4. Hardiback does tend to suck the moisture out. You can wet it down with a sponge first which will both clean it and moisten it. Im not sure why you would have Hardibacker under the tray or under Ditra though, theres no need.
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Old 03-31-2013, 07:38 AM   #3
cjzullo
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Hi Ray:

Thanks again for your advice. It's much appreciated.

With regard to the use of Kerdi and Laticrete, actually that was my plan, ie, to use Kerdi on the floor with the pan and around the sides of the pan and then use laticrete from there up. I thought about using laticrete all around, but I wasn't sure how well the Kerdi pan would accept the laticrete. There's also the warranty issues. I figured if I used Kerdi on the floor. If something happens there, the warranty might still hold.

I was thinking of using HardieBacker under the Kerdi tray simply to improve the adhesion of the thinset to the Kerdi tray. My understanding is that there were some issues with thinset adhering to the plywood subfloor, although I did see the Kerdi demo video where they did this. If you think it's OK, then I will probably skip that step. Likewise, I take it I can go directly from plywood to Ditra? Part of my thinking was not only adhesion but I was going to use the Hardieboard to raise the height of the floor by a 1/4 inch, so that the bathroom floor would be flush with the adjoining floor.

Thanks,

CJ
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Old 03-31-2013, 08:17 AM   #4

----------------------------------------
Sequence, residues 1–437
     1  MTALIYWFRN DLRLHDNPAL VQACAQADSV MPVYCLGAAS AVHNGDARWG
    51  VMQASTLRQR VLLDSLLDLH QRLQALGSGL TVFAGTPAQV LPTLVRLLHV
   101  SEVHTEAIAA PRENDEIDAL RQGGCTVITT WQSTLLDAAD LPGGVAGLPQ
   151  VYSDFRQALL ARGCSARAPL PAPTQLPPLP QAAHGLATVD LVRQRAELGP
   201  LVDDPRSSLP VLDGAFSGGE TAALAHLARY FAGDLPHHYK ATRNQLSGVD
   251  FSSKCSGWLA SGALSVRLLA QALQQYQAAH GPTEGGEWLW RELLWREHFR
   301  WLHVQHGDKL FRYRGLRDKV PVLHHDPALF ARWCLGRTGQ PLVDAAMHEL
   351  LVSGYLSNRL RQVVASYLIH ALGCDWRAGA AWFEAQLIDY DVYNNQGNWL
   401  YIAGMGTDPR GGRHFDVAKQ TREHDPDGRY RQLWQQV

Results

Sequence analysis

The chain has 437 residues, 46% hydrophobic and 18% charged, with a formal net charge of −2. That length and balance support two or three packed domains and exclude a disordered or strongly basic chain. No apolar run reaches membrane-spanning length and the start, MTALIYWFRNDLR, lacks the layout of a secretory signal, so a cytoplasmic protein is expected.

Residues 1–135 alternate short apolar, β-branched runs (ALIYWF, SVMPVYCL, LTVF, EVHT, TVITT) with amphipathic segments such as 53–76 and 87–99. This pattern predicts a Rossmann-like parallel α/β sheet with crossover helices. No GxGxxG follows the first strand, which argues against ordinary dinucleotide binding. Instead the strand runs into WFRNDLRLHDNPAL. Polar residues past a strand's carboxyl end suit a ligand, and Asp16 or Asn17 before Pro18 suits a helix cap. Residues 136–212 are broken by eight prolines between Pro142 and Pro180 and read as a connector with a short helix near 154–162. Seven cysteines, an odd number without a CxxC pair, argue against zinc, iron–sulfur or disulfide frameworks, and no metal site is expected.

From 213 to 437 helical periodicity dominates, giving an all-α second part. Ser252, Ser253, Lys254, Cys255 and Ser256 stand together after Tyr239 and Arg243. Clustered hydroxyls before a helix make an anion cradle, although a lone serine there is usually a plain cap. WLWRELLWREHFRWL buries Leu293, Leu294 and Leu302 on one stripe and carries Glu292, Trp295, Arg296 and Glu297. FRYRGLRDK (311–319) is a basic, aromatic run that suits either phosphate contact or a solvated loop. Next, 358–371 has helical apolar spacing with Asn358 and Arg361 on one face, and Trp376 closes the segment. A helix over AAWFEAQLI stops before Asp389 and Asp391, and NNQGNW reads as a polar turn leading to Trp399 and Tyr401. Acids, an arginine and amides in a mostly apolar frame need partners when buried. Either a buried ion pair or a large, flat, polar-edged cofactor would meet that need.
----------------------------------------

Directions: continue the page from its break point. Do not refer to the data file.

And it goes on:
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Hi. The Kerdi membrane is not difficult to do if you take your time and practise a bit before you start for real. If you are competent with a drywall knife and use the proper materials and tools, you should not be inhibited.
You can cut the kerdi into manageable pieces and overlap them if you need to rather than trying to do a piece 8' high.
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Old 03-31-2013, 08:22 AM   #5
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Laticrete also has premade pans and drains. So you can choose one system or the other and get the full warranty.
I personally prefer laticrete. Mainly because I get to use modified thin set.
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Old 03-31-2013, 09:15 AM   #6
Steve C
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I've used the Kerdi tray, but I had several compelling (at least in my mind) reasons. I was able to build the shower around the tray; it was in a second floor bath suite, I did it by myself, and I didn't want to lug that much mud upstairs; it was 71" x 71" so I cut 1" off each of the 4 sides; the shower had limited headroom and it kept the shower floor height down.

I've also built and Kerdi'd a mud pan, and given all the details you've mentioned I'd encourage you to do the same. The advantages would be:

*You can fit it exactly into your space without compromising, and the drain can be anywhere you want it. I'd still recommend the Kerdi drain.

*Since you're looking for a little extra height, you can get that too.

*You'll save quite a few bucks.

You can find pretty much all the info you'll need in the Liberry. Don't let mud intimidate you. It ain't hard, or expensive.